We are there now. From July 1st, the ceiling for cash transactions will change again, going from 3 thousand to 2 thousand euros. It will only be a first step because from January 1, 2022, subject to second thoughts, it will still drop to a thousand euros. As it once was.
Looking back in time, you have to lose count. Over the past 20 years the cap for cash transactions has changed nine times. We went from the thousand euro, introduced by the Monti government in late 2011 and remained up to the end of 2015, up to the 12,500 in force between 2008 and 2010, passing through the 5 thousand set for two months just always in 2008. But what has happened to the shadow economy and tax evasion in recent years?
There is no precise data because black and evasion they are by definition submerged, hidden numbers. But for years Istat has estimated the weight of the so-called unobserved economy, black which then turns into tax evasion. The figure is measured as a percentage of GDP and substantially stable, around 12%. There is some deviation downwards and upwards but, at least at the first life, it does not seem to be connected to the constant movements of the cash threshold. Rather.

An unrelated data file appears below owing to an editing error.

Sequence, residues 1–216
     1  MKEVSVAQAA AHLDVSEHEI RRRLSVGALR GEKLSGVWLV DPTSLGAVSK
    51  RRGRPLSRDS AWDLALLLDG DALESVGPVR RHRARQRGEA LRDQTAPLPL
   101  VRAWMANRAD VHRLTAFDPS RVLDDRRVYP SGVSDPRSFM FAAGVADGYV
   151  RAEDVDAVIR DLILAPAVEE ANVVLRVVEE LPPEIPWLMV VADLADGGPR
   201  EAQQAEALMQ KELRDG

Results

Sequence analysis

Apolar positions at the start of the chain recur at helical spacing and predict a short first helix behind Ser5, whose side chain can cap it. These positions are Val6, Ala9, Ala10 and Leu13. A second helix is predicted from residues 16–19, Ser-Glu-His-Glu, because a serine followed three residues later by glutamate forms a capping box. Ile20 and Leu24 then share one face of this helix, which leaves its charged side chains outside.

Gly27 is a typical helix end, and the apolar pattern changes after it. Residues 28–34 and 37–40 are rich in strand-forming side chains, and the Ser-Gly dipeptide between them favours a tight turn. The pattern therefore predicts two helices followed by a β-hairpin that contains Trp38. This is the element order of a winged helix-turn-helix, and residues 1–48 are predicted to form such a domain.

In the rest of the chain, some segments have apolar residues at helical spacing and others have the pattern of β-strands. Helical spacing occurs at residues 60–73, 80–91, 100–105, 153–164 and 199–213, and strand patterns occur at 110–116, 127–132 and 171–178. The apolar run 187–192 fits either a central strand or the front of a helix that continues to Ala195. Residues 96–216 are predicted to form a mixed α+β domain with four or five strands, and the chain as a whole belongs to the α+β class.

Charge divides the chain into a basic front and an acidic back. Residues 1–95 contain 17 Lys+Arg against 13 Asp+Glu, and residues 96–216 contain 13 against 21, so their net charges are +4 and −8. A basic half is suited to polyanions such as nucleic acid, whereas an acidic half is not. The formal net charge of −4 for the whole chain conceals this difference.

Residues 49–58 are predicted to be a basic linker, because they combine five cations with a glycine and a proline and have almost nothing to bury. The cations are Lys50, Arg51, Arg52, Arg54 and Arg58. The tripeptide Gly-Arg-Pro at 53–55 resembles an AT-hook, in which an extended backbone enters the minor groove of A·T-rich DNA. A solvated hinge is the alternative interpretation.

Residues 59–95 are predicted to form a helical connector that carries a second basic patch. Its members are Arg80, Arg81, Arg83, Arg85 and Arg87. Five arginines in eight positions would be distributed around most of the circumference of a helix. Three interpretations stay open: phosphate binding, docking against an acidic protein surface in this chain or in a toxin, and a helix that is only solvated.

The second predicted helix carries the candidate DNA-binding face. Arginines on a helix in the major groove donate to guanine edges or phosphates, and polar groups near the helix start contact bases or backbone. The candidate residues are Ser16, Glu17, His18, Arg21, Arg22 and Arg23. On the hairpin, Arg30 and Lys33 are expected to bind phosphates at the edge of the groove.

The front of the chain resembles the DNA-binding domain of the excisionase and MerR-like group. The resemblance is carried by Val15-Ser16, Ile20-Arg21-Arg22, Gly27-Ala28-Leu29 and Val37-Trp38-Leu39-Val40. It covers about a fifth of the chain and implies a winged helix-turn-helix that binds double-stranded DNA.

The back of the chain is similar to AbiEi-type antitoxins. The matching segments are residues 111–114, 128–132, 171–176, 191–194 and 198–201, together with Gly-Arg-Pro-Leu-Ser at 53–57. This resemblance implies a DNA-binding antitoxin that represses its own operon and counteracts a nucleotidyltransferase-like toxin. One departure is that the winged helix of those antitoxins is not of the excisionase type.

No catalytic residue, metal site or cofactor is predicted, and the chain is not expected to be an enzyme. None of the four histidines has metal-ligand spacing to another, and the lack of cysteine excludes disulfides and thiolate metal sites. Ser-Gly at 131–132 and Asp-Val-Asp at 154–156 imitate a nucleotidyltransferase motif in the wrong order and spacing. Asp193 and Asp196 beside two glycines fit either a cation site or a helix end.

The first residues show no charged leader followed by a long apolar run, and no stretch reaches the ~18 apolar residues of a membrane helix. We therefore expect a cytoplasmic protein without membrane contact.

The unobserved economy rises from 11.4% of GDP in 2011 to 11.7% in 2012, that is immediately after the Monti government lowers the threshold to a thousand euros. It drops from 12.6% in 2015 to 12.4% in 2016, that is immediately after the Renzi government raises it to € 3 thousand. Two contradictions? Traceable payments are a good and fair thing, the underground economy contrasts by moving not one but more levers. But are we sure that, for large numbers, the fight against tax evasion passes right here?